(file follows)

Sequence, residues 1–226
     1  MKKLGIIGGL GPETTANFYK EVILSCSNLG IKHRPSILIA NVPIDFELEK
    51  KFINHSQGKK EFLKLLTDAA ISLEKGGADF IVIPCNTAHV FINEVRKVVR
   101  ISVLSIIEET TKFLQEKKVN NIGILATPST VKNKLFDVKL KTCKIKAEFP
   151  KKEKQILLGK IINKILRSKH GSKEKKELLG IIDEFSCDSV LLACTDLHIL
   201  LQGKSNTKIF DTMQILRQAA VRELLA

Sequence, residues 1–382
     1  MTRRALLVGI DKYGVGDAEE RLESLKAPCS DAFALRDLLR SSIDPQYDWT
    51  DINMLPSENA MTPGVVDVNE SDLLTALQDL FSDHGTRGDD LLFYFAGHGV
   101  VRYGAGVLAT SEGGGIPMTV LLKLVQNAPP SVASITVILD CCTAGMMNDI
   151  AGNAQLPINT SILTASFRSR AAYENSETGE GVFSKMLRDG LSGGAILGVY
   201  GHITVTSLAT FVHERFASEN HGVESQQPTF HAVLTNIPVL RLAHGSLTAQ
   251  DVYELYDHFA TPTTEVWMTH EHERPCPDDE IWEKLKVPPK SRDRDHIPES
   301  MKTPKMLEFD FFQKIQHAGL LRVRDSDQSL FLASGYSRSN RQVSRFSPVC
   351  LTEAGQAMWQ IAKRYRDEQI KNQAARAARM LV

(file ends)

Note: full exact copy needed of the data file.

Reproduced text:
Sequence, residues 1–226
     1  MKKLGIIGGL GPETTANFYK EVILSCSNLG IKHRPSILIA NVPIDFELEK
    51  KFINHSQGKK EFLKLLTDAA ISLEKGGADF IVIPCNTAHV FINEVRKVVR
   101  ISVLSIIEET TKFLQEKKVN NIGILATPST VKNKLFDVKL KTCKIKAEFP
   151  KKEKQILLGK IINKILRSKH GSKEKKELLG IIDEFSCDSV LLACTDLHIL
   201  LQGKSNTKIF DTMQILRQAA VRELLA

Sequence, residues 1–382
     1  MTRRALLVGI DKYGVGDAEE RLESLKAPCS DAFALRDLLR SSIDPQYDWT
    51  DINMLPSENA MTPGVVDVNE SDLLTALQDL FSDHGTRGDD LLFYFAGHGV
   101  VRYGAGVLAT SEGGGIPMTV LLKLVQNAPP SVASITVILD CCTAGMMNDI
   151  AGNAQLPINT SILTASFRSR AAYENSETGE GVFSKMLRDG LSGGAILGVY
   201  GHITVTSLAT FVHERFASEN HGVESQQPTF HAVLTNIPVL RLAHGSLTAQ
   251  DVYELYDHFA TPTTEVWMTH EHERPCPDDE IWEKLKVPPK SRDRDHIPES
   301  MKTPKMLEFD FFQKIQHAGL LRVRDSDQSL FLASGYSRSN RQVSRFSPVC
   351  LTEAGQAMWQ IAKRYRDEQI KNQAARAARM LV